Community college aid forecast cloudy

File photo

A view of the Columbia-Greene Community College campus in Greenport.

GREENPORT — Despite projections in April that schools could face a 20% cut in state aid, there has been no definitive information on what state aid will be available, Columbia-Greene Community College President Carlee Drummer said Wednesday.

“We can’t even speculate about when that might be coming,” Drummer said.

The college had been anticipating to hear more about state aid in early July, she said.

“We don’t really have any guidance from SUNY about when they might expect [that answer],” Drummer said.

Columbia and Greene counties make one-third of the financial contributions to the college based on student enrollment, Drummer said.

The other two-thirds of the college’s financial support come from state aid and tuition and fees.

“We have talked with both the Greene County legislators and Columbia County supervisors about whether or not they can support us at the same level as last year,” Drummer said. “We are not asking for any increase.”

Greene County will likely have a decrease because the county had fewer students attend in 2019 than in 2018, Drummer said.

Student enrollment in fall 2019 consisted of 599 students from Columbia County, 553 from Greene County and 304 students from outside of the Twin Counties.

By percentage, the student body consisted of 41% Columbia County residents and 37.9% Greene County residents, Drummer said.

In fall 2018, the student body consisted of 39% Columbia County residents, 39% Greene County residents, 21% from other areas of New York and less than 1% from out-of-state.

The 2019-20 budget for the college was $17.24 million.

For the current fiscal year ending 8/31/2020, Columbia County is contributing $3,454,977 and Greene County is contributing $3,293,373.

Legislator Michael Bulich, R-Catskill, said at the County Resources meeting in July that the college had made significant reductions in personnel.

“We did have a reduction in staff,” Drummer said. The college laid off 16 part-time employees.

There are no plans to cut class offerings at this time, Drummer said.

Cutting classes would put the college in a tenuous situation because it could affect enrollment, Greene County Administrator Shaun Groden said.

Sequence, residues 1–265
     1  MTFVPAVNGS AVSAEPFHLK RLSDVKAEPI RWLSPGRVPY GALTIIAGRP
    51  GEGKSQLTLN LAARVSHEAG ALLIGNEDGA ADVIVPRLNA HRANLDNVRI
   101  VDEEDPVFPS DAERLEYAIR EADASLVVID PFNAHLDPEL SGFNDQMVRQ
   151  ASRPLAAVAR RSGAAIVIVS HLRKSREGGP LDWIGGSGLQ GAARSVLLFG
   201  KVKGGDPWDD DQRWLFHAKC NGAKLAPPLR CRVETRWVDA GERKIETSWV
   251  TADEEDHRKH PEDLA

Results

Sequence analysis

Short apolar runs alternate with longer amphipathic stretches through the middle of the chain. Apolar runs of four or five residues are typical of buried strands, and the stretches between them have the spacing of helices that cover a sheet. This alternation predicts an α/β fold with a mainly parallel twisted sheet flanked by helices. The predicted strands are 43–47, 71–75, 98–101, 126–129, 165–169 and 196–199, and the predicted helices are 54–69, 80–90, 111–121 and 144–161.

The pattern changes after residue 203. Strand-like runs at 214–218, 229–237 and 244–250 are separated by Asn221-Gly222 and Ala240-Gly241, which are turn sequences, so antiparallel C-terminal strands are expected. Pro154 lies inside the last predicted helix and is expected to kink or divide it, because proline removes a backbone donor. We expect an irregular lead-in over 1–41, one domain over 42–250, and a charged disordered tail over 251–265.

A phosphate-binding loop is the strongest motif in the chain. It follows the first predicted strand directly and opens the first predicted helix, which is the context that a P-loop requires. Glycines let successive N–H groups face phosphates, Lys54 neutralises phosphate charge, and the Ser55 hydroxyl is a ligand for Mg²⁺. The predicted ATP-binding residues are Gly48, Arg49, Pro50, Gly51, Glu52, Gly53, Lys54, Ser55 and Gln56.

Another idea that has been proposed is a modest tuition hike, Groden said, adding that he believed it was 3%.

The increase has not yet been approved by the board of trustees, Drummer said.

“The proposal we are making is very minor and we are still one of the most affordable community colleges in the region,” Drummer said.

Despite the recommendation, the rate of increase, if any, will be determined by the board, Drummer said.

Greene County is scheduled to approve its contribution to the college’s budget on Aug. 19, Drummer said.

Johnson Newspapers 7.1

(1) comment


If you think education is expensive try ignorance.

Obviously, the new $90 million debt obligation for a jail is the problem. VanValkenberg resigned as Highway Superintendent because he couldn’t get money for half the projects he needed, couldn’t get updated employment contracts.

The county finds itself in financial trouble, and a declining per-capita and population. There’s a ridiculous 38% public sector employment. Nothing’s planned to correct these problems.

A practical solution is to convert the monster in Coxsackie, the new jail, into a medcial/treatment facility. Another is to repair 80 Bridge Street and put the sheriff back where he’s supposed to be (Loval Law § 216).

As a medical facility it can receive federal, stant and Opioid settlement funds. As a county jail it cannot. Repairing 80 Bridge Street solves the legal problem of moving the Sheriff’s Office, saves a property worth $1.85 milion, saves the dempolition costs, and keeps a historic building rather than creating another non-income producing parking lot.

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